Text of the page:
Sustainable development is profitable in Arctic Council countries
Investments in technology and measures to reduce emissions of air pollutants and the use of fossil fuels are socio-economically profitable, according to an analysis of the Arctic Council countries conducted by IVL researchers.
Arctic Council member states – the United States, Canada, Russia and the Nordic countries – account for 30 per cent of the world's fossil fuel production and 20 per cent of global energy-related climate emissions.
"The socio-economic benefits of a strong transition in these countries are enormous, and by far outweigh the costs”, says Pontus Roldin, researcher at IVL Swedish Environmental Research Institute.
Pontus Roldin is a co-author of a study that analysed the costs and benefits of introducing comprehensive measures to reduce emissions of air pollutants and short-lived climate pollutants. The researchers also analysed a more ambitious scenario that includes a reduced use of fossil fuels (coal, oil and gas) in line with the two-degree target.
Of the impacts that can be quantified, the economic benefits are mostly in the form of limited costs for illnesses and deaths related to air pollution and heat waves, and for agricultural damage caused by climate change.
"It's worth noting that there is a strong correlation between global climate change and mortality, especially linked to heat stress”, Roldin says.
Climate emissions cost €1400 billion per year
From a purely economic climate-change perspective, the analysis shows that in a single year, emissions from the Arctic Council countries cost society €1,400 billion, equivalent to 5 per cent of their combined GDP. The cost of the impact of air pollution on human health is estimated at around €700 billion per year.
"But the costs of transition are also enormous, and those who have to pay, such as energy producers and industries, need stronger incentives than they have today. Instruments such as expanded emissions trading or carbon dioxide tariffs are one way forward", says analysis co-author Jenny von Bahr, researcher at IVL Swedish Environmental Research Institute.
The study is part of the EU-funded research programme ABC-iCAP – Arctic Black Carbon impacting Climate and Air Pollution. However, the socio-economic analysis shows that black carbon is much less important for global climate change than the greenhouse gases carbon dioxide and methane.
Plans to increase oil and gas production
"Specific measures to reduce black carbon emissions are still important, especially in the Arctic environment, but it's inevitably the production and use of fossil fuels that must be reduced rapidly”, says Roldin.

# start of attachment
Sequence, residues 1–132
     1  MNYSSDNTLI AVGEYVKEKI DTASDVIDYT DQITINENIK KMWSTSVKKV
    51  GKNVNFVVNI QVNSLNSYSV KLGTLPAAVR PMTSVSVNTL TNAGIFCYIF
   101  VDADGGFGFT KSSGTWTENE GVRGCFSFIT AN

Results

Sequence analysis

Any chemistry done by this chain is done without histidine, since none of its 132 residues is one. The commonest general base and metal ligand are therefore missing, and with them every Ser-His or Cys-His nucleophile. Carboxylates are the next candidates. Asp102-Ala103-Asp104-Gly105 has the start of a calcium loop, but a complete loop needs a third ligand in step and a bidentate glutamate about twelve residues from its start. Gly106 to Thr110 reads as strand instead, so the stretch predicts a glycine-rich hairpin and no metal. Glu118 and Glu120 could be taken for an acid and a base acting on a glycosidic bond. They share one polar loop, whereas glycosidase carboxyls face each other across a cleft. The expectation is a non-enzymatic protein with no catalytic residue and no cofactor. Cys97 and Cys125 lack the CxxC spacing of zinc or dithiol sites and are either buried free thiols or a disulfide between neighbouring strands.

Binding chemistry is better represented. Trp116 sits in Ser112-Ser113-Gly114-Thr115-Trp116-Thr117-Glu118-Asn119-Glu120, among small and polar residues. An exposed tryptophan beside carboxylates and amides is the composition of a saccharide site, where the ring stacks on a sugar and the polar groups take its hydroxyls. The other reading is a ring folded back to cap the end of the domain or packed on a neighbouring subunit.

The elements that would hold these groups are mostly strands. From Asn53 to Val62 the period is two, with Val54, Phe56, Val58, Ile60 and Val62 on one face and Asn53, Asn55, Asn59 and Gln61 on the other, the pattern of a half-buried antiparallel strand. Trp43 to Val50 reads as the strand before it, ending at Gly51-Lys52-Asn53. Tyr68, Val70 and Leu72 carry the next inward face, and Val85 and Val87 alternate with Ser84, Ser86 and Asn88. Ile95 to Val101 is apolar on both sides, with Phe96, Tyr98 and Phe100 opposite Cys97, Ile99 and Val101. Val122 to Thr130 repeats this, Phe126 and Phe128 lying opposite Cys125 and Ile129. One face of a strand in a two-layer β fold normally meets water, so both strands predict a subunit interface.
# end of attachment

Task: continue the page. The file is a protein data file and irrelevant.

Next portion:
"Technical measures to reduce emissions of black carbon and methane must not become an excuse for not reducing carbon dioxide emissions. As of now, several Arctic countries can't really make ends meet. Canada and the United States, for example, plan for an increasing oil and gas production, while at the recent COP28 climate summit they also promised to reduce emissions in line with the Paris Agreement."
Read more in the policy brief Socio-Economic Analysis of Air Pollution and Climate Forcer Emission Reductions in the Arctic Council Member States. External link, opens in new window.
The full study will be published later this spring.
For more information, contact:
Pontus Roldin, tel. +46 (0)10-788 67 32
Socio-Economic Analysis of Air Pollution and Climate Forcer Emission Reductions in the Arctic Council Member States
- The study examines the socio-economic impacts of morbidity and premature death caused by air pollution, and how climate change causes agricultural damage, sea level rise, changes in energy consumption to cool or heat buildings, and mortality linked to heat stress.
- Implementing the most ambitious scenario in the analysis would reduce premature deaths by between 60,000 and 130,000 cases per year in the Arctic Council countries in 2030, and by between 80,000 and 180,000 cases in 2050, compared to continuing with current legislative measures.
- The same scenario would also reduce the global temperature increase caused by Arctic Council countries' emissions in 2050 by around 50 per cent.
- Every methodological step leading to the final socio-economic results is fraught with uncertainties. The analysis likely underestimates the full climate and health impacts. Nevertheless, the study shows that investing in measures to reduce air pollution and climate change is socio-economically beneficial.